# Good way to visualize (multiple-layer) within variation of panel data

Now I have a panel data set that contains information of the land supply quota of Chinese cities. What I want to verify is whether the variation (of quotas) among different cities within a province is more volatile than same indicator in provincial level. In another word, the total quota of a province is more stable than which is distributed to the cities it governs. In my preceding econometric setting, I have made the city as the panel variable, so province here is an "upper group" compared to the city. The first approach comes into my mind is to calculate the within variations of cities within each province one by one, using a --foreach-- loop, and then calculate the variance of total quota in provincial level. Comparing these two numbers will give us a brief guide to my question. However, I'm not quite aware of any clear way to visualize this idea. Maybe put multiple time-series lines represented cities from the same province and one line for the province, a "xtline" style graph? Would someone give me a guidance or canned command? thank you.

You can use some of the panel data commands like xtsum and xtreg, fe to do this. This will give you a couple numbers or their ratio, so this does not quite make for a very interesting graph. One approach would be to bootstrap the ratio and plot a histogram. I show how to do all this below.

. webuse nlswork, clear
(National Longitudinal Survey.  Young Women 14-26 years of age in 1968)

. xtsum hours

Variable         |      Mean   Std. Dev.       Min        Max |    Observations
-----------------+--------------------------------------------+----------------
hours    overall |  36.55956   9.869623          1        168 |     N =   28467
between |             7.846585          1       83.5 |     n =    4710
within  |             7.520712  -2.154726   130.0596 | T-bar = 6.04395


As you can see from comparing the SD between women and within women, the hours worked vary almost as much within each woman as across them (7.5 versus 7.8).

You can also calculate the ratio using a fixed-effects regression:

. xtreg hours, i(idcode) fe

Fixed-effects (within) regression               Number of obs     =     28,467
Group variable: idcode                          Number of groups  =      4,710

R-sq:                                           Obs per group:
within  = 0.0000                                         min =          1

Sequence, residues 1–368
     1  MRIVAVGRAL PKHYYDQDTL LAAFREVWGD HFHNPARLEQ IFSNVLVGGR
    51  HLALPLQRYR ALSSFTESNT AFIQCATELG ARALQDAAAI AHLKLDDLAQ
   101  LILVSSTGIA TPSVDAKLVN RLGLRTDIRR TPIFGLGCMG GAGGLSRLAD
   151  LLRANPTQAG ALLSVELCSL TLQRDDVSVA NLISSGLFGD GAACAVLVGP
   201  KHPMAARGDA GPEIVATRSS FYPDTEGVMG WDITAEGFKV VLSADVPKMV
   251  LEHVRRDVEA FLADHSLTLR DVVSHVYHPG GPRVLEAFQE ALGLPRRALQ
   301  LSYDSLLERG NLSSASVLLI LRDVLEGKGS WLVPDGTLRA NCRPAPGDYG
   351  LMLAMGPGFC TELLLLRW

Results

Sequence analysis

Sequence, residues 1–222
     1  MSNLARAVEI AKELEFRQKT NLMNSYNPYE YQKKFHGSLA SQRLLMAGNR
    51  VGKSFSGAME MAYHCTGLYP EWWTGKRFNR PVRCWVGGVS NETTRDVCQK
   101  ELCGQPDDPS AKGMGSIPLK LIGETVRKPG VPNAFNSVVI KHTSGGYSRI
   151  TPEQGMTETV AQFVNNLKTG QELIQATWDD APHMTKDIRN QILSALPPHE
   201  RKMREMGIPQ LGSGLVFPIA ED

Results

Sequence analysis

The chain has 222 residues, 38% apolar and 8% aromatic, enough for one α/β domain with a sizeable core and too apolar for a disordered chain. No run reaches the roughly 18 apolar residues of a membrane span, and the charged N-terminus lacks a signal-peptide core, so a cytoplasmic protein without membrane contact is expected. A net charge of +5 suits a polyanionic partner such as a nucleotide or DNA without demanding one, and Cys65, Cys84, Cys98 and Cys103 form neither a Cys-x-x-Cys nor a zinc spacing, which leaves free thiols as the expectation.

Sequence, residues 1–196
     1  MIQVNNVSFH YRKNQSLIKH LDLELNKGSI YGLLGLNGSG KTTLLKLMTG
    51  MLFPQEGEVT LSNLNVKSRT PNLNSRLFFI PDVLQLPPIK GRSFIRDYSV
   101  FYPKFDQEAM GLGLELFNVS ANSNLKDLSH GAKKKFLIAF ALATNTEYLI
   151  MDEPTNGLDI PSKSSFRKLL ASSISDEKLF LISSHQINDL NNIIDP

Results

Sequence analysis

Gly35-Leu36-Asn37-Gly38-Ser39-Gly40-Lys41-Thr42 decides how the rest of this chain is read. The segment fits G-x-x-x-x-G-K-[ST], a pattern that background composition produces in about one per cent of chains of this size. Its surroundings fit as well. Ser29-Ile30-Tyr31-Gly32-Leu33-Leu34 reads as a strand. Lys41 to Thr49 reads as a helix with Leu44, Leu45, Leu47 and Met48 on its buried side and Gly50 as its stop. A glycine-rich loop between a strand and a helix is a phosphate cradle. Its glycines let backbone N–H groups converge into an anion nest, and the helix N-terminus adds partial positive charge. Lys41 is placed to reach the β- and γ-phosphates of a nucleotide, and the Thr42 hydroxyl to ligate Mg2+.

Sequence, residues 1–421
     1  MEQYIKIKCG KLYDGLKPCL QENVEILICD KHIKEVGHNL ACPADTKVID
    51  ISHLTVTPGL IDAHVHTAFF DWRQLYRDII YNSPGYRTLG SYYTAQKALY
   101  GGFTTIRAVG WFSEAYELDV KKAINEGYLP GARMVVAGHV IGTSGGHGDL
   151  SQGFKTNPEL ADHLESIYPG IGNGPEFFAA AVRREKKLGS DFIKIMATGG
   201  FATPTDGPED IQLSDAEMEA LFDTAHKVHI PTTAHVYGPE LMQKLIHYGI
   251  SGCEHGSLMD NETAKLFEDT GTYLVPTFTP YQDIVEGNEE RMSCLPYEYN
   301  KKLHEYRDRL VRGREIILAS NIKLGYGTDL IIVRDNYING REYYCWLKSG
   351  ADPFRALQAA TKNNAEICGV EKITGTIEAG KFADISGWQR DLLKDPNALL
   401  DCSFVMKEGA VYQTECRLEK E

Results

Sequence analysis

between = 0.0030                                         avg =        6.0
overall =      .                                         max =         15

F(0,23757)        =       0.00
corr(u_i, Xb)  =      .                         Prob > F          =          .

------------------------------------------------------------------------------
hours |      Coef.   Std. Err.      t    P>|t|     [95% Conf. Interval]
-------------+----------------------------------------------------------------
_cons |   36.55956   .0487928   749.28   0.000     36.46392     36.6552
-------------+----------------------------------------------------------------
sigma_u |  7.8465853
sigma_e |  8.2323986
rho |  .47601892   (fraction of variance due to u_i)
------------------------------------------------------------------------------
F test that all u_i=0: F(4709, 23757) = 3.64                 Prob > F = 0.0000


This says that about half of the variation in the data is within women, which is what we saw above. Here $u$ is the fixed effect, which is average hours worked by each woman, so sigma_u is the same as the within SD above, and $e$ is the residual. $rho$ is the ratio of SD of u squared over the sum of the squared SDs, or total variance:

$$\rho = \frac{\sigma_{u}^2}{\sigma_u^2 + \sigma_e^2}$$

You can then bootstrap the $\rho$ ratio:

. bootstrap ratio = e(rho), rep(500) seed(123) strata(idcode) saving("rhos.dta", replace): xtreg hours, i(idcode) fe
(running xtreg on estimation sample)

Bootstrap replications (500)
----+--- 1 ---+--- 2 ---+--- 3 ---+--- 4 ---+--- 5
..................................................    50
..................................................   100
..................................................   150
..................................................   200
..................................................   250
..................................................   300
..................................................   350
..................................................   400
..................................................   450
..................................................   500

Bootstrap results

Number of strata   =     4,710                  Number of obs     =     28,467
Replications      =        500

command:  xtreg hours, i(idcode) fe
ratio:  e(rho)

------------------------------------------------------------------------------
|   Observed   Bootstrap                         Normal-based
|      Coef.   Std. Err.      z    P>|z|     [95% Conf. Interval]
-------------+----------------------------------------------------------------
ratio |   .4760189    .005062    94.04   0.000     .4660976    .4859402
------------------------------------------------------------------------------


The CI is pretty tight. You can also plot a histogram:

. use "rhos.dta", clear
(bootstrap: xtreg)

. tw kdensity ratio


This gives you: